Group Sues EPA for Inaction on Coal Permit
A Navajo Nation enterprise has filed a lawsuit against the US Environmental Protection Agency Tuesday for dragging its feet on an air permit for a proposed coal-fired power plant. Dine Power Authority of the Navajo Nation and Houston-based Sithe Global Power have partnered to build the $3 billion, 1500 megawatt Desert Rock plant. The group filed for a permit back in 2004 and is still awaiting a final decision. “Time is money,” said Steven Begay, the general manager of DPA. Begay added, “Sithe is spending money, and we’re spending money. The longer we wait, the more money we spend … and we don’t want to do that. We want to move forward.”
Sithe has alredy invested about $20 million in the project and the lawsuit claims the tribe is losing $5 million per month in tax revenue for each month the permit is delayed. The investor group announced in January that they would be suing the agency, and that they would be represented by friend of ‘big energy,’ Giuliani and Bracewell. Apparently Rudy Giuliani will find ways to assert his political will, even if he can’t be President.
The air permit would set limits for emissions covered under the federal Clean Air Act, such as sulfur dioxide, nitrogen oxides, carbon monoxide, particulates and lead emissions. Both federal officials and Desert Rock developers have said the draft permit contains some of the strictest controls ever set for a coal-fired power plant in the United States.
But not everyone is as excited about what would be the third coal-fired power plant in the Four-Corners region. Environmental groups, and Navajo environmentalists argue that Desert Rock would be unhealthy for local residents and the environment. This, like most other power plant sitings, is an issue of environmental health and justice. The New Mexico Environment Department and others have criticized the draft permit for not including enforceable conditions to address adverse visibility and for not analyzing mercury or carbon dioxide emissions. Others have complained that a better understanding of existing air quality conditions in the Four Corners region is needed before acceptable standards can be set for Desert Rock.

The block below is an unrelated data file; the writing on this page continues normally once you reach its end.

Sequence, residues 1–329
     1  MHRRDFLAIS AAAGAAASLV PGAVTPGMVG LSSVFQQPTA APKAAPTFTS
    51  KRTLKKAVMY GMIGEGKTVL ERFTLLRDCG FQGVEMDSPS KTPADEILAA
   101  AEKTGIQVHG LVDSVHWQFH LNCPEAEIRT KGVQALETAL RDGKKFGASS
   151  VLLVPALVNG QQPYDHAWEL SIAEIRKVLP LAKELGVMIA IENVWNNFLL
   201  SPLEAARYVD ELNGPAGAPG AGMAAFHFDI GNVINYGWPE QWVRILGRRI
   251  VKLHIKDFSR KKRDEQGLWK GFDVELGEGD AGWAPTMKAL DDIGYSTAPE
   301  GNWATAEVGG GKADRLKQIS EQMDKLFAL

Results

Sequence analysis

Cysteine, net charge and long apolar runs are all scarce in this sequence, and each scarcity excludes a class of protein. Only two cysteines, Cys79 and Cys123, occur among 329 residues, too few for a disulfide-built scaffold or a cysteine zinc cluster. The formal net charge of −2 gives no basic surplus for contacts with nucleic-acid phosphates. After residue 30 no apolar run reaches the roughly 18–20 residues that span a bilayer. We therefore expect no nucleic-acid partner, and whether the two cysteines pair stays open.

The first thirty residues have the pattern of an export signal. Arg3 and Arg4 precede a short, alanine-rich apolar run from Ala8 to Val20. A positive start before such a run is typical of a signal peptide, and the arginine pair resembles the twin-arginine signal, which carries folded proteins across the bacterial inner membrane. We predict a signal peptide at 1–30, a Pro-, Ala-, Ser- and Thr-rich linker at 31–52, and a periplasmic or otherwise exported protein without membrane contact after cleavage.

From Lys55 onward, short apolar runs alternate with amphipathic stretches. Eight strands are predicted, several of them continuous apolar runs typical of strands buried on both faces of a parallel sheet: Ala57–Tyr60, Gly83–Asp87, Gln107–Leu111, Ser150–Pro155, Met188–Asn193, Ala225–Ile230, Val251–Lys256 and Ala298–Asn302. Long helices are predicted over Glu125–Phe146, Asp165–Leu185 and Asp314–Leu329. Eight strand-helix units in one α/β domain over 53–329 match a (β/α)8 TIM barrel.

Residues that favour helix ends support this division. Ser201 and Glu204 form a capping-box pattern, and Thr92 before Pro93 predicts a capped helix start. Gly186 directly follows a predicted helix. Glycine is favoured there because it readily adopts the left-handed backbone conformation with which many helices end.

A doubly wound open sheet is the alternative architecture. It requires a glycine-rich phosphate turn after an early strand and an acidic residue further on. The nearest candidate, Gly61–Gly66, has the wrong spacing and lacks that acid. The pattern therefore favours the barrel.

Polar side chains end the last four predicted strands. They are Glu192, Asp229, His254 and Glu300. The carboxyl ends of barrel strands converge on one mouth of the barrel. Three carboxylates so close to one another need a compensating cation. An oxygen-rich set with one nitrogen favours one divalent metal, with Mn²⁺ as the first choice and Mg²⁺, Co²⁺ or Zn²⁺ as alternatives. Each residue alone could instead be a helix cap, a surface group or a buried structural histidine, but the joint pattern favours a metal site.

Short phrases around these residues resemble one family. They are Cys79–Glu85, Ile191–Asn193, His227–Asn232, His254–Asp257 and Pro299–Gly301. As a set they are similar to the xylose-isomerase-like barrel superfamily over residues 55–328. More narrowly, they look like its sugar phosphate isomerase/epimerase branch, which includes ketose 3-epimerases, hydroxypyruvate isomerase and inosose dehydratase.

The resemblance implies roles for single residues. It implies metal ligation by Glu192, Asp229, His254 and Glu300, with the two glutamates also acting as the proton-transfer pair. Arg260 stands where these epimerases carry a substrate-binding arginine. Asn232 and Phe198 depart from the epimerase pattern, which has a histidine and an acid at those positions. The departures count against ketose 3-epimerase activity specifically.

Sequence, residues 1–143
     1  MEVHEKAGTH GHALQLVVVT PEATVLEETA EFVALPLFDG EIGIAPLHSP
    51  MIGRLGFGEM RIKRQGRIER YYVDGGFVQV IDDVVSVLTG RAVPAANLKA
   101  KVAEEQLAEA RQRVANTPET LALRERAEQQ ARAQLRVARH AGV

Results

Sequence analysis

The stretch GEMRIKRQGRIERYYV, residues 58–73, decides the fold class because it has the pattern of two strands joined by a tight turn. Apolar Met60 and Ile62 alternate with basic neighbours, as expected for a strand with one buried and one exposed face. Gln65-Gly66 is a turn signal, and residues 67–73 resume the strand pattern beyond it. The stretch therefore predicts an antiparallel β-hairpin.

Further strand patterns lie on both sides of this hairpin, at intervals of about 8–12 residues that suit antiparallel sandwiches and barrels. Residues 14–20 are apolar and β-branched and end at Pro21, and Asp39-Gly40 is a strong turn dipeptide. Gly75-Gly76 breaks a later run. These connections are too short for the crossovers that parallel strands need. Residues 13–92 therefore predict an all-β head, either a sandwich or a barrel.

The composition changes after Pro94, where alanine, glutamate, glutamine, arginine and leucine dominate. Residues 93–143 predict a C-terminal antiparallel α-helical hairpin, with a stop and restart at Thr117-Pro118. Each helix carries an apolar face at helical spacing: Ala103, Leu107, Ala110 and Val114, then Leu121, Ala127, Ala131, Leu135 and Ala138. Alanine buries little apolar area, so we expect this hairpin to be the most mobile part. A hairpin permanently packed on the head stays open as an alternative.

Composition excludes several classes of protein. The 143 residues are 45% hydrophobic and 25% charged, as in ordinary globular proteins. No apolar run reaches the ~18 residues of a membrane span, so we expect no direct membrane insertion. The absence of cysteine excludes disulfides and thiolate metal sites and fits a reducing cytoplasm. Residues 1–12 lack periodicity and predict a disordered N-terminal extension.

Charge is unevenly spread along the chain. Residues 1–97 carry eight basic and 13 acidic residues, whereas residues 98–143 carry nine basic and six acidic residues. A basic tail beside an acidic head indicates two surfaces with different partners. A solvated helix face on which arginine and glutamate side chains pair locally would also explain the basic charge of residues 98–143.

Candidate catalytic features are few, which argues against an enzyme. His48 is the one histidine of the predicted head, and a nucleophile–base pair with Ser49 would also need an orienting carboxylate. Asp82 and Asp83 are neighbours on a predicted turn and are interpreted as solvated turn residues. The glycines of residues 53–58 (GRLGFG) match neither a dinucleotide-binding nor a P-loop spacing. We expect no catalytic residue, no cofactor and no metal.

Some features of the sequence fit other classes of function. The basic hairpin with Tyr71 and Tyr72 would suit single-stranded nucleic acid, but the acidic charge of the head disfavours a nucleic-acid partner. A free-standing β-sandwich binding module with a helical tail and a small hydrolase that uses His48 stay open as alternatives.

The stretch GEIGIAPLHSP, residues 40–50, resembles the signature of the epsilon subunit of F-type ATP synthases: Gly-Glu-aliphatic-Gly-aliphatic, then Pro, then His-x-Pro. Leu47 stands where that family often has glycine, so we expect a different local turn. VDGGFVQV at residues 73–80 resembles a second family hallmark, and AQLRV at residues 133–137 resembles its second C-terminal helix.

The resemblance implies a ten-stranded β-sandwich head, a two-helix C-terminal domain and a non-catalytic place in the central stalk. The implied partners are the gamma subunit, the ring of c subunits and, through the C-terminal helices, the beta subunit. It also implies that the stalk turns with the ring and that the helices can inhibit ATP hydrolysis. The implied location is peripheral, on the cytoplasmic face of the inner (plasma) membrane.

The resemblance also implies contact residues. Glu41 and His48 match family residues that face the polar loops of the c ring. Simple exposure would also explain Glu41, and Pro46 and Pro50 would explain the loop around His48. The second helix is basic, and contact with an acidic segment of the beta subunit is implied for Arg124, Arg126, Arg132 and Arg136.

As awareness about global climate change has deepened in the US, the pace of permitting new coal-fired power plants has fallen-off considerably. Big coal is mounting a big pushback to fend off coal’s image as a dirty fuel and win favor in the court of public opinion. Until the feds either pass meaningful climate legislation, or the EPA takes a firm stance on regulating carbon dioxide as a pollutant (as they were instructed by the Supreme Court), there is not much for EPA policymakers to hang their hats on.
My belief is that there are some very wise people at the EPA who are blocking a decision on this permit until there has been a clearer signal from the administration, or a precedent-setting case brought to the Supreme Court. At least, that is my hope.
Photo: Wolfgang Staudt